November 09, 2007
SANTIAGO (Reuters) - Venezuelan President Hugo Chavez challenged Latin American leaders at a summit on Friday to lower regional oil prices, telling big producers to sell oil cheaply to their neighbors.
Addressing leaders by name, Chavez, a stalwart opponent of the United States, proposed the creation of a region-wide oil alliance that would help sustain booming economic growth by sharing energy resources. Venezuela is Latin America's second-biggest oil
"I propose to you that we unite, that we join together in mechanisms of cooperation with countries that don't have oil and who cannot afford to pay $100 per barrel," said Chavez, who has used Venezuela's oil wealth to spread his influence in the region. Oil prices reached record highs of more than $98 per barrel this week.
Leaders -- most of them leftist -- from Latin America, Portugal, Spain and Andorra are in Santiago for a three-day Ibero-American summit where energy has been high on the unofficial agenda.
Many Latin American economies have expanded rapidly in recent years and energy supplies have been stretched by booming consumer demand and factory output in countries such as Chile and Argentina.
Chavez and leftist allies in Bolivia and Ecuador have tightened state control over their energy industries and Bolivia, one of the poorest countries in the Western Hemisphere, recently forced Argentina and Brazil to pay more for its natural gas.
The presidents of Brazil and Paraguay, Luiz Inacio Lula da Silva and Nicanor Duarte Frutos, met on Friday and agreed to build a $400 million power transmission line from the giant Itaipu power plant at the two countries' border to the Paraguayan capital, Asuncion.
After a meeting between Ecuadorean President Rafael Correa and Spanish Prime Minister Jose Luis Rodriguez Zapatero, a source from Spain's Foreign Ministry said both governments were looking for ways to ease concerns about Ecuador's new windfall royalty tax on revenues for foreign oil companies.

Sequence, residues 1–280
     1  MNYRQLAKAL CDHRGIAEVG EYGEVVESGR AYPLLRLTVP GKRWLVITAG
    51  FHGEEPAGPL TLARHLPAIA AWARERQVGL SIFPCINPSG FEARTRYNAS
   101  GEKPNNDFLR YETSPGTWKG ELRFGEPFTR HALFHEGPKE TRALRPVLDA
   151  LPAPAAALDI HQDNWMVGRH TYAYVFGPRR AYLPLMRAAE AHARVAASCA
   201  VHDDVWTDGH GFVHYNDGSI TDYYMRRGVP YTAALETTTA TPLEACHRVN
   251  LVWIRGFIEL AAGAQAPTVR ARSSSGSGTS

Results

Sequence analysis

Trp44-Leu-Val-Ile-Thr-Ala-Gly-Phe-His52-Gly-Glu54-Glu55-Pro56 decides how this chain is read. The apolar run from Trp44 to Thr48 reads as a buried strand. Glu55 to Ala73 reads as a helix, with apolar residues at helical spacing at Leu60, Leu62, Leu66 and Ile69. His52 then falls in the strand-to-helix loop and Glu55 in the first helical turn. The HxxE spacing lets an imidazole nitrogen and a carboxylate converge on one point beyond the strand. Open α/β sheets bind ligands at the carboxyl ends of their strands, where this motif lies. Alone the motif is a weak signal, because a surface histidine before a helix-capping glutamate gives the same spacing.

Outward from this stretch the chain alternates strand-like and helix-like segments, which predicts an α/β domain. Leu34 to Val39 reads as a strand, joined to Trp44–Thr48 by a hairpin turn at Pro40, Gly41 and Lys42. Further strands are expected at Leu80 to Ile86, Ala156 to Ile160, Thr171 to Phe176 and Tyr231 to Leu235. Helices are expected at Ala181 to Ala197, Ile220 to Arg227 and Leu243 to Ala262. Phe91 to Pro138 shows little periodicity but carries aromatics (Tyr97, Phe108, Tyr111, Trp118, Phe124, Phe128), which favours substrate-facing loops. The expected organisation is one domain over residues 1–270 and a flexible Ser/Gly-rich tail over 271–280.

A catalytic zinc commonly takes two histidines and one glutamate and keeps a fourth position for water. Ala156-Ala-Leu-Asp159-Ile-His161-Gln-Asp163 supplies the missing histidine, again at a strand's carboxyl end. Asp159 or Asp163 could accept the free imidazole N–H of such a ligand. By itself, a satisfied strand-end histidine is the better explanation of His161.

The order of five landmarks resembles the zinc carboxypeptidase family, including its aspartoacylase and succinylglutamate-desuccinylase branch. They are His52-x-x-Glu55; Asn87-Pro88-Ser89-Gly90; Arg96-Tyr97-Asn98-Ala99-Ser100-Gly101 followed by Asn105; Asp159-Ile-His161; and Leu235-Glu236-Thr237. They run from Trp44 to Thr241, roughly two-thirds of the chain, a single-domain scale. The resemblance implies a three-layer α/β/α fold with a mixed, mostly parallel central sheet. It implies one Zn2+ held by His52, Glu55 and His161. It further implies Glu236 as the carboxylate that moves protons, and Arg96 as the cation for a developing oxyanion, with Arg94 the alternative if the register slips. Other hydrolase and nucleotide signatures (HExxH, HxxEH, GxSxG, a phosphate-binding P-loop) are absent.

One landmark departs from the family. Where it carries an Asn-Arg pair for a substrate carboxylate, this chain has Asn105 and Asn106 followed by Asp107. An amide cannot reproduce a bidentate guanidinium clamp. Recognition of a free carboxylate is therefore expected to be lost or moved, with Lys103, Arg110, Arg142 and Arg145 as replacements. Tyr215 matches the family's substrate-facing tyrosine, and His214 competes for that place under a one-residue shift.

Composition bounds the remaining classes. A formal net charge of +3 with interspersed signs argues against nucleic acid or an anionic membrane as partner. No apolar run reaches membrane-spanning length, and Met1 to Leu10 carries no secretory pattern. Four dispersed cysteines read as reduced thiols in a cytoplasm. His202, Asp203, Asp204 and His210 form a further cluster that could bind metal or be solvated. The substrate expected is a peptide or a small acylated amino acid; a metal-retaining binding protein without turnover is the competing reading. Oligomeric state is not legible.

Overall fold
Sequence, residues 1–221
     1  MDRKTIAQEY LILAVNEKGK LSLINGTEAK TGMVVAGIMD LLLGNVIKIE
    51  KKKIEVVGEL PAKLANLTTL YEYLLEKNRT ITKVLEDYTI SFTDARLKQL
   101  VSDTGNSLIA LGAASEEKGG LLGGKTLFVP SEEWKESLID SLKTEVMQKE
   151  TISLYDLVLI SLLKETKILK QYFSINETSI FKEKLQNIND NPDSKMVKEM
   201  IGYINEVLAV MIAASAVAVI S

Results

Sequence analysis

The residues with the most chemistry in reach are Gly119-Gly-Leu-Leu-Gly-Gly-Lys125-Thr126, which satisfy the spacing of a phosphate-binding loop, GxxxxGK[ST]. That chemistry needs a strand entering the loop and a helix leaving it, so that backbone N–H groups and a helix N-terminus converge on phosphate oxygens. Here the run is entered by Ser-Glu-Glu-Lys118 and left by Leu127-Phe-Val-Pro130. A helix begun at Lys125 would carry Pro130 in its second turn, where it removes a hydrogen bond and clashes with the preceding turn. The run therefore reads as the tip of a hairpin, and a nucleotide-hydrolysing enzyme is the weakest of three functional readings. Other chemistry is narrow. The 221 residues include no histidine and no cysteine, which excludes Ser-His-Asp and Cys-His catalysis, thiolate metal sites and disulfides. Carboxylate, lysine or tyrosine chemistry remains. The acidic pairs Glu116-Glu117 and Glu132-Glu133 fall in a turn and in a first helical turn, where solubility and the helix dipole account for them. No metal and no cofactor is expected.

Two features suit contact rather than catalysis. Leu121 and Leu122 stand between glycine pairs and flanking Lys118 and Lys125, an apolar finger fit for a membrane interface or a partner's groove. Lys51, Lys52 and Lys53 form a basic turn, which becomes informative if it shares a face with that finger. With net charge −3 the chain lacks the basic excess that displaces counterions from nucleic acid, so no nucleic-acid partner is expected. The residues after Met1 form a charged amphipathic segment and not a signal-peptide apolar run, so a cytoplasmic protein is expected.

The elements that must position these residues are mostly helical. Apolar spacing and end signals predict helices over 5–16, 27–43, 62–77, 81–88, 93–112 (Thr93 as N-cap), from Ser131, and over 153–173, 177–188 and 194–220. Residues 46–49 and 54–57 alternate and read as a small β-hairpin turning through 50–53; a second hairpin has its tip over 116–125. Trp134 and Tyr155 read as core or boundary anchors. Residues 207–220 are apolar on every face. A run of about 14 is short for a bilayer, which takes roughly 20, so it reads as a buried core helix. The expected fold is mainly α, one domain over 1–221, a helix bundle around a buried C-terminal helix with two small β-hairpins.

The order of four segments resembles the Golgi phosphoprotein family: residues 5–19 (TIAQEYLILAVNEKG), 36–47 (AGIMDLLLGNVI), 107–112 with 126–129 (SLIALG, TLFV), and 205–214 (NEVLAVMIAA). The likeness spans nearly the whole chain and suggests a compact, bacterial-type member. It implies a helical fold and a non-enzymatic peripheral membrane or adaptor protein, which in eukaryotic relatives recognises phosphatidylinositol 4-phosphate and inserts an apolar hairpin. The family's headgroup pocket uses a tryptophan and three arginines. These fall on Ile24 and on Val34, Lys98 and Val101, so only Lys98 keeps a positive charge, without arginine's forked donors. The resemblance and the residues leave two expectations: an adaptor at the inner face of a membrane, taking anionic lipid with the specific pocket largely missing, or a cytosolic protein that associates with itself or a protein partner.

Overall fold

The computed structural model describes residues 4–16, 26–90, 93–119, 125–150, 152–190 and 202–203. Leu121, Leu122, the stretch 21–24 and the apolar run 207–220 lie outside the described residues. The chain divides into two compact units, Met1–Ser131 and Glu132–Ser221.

The tax hike is the latest policy shift by Correa to worry Wall Street. It would cut energy companies' revenue by about $700 million a year and Spain's Repsol YPF is the biggest foreign oil producer in Ecuador.
Lula de Silva also was expected to meet Bolivian President Evo Morales to discuss potential new investments in Bolivia's natural gas industry.
The 19 Latin leaders at the summit are almost all leftists and the gathering was friendly, despite diplomatic friction between Argentina and Uruguay over a controversial pulp mill along a shared river.
Uruguay granted a long-awaited start-up permit to a Finnish group for the pulp mill on Thursday, drawing swift criticism from Argentina and likely extending a years-long diplomatic dispute.
Chavez drew rebukes from Spanish authorities after he alluded in his speech to the summit forum to a former Spanish president and a Spanish businessmen as fascists.
Earlier in the day, Chavez set the stage for his customary controversial comments by singing the defiant lyrics of a Mexican ballad after he arrived in Chile.
"I am who I am, if they don't like me, that's their problem," Chavez crooned to reporters.
On Thursday, anti-Chavez protesters scuffled with Chavez supporters outside Venezuela's Embassy in Santiago and a right-wing lawmaker tried to submit a letter declaring him unwelcome.
Chavez was to meet with Colombian President Alvaro Uribe later on Friday to discuss talks he is mediating with Colombian guerrillas to help arrange an exchange of hostages in rebel captivity for guerrillas held in government prisons.
(Additional reporting by Rodrigo Martinez, Monica Vargas and Antonio de la Jara; Editing by Bill Trott)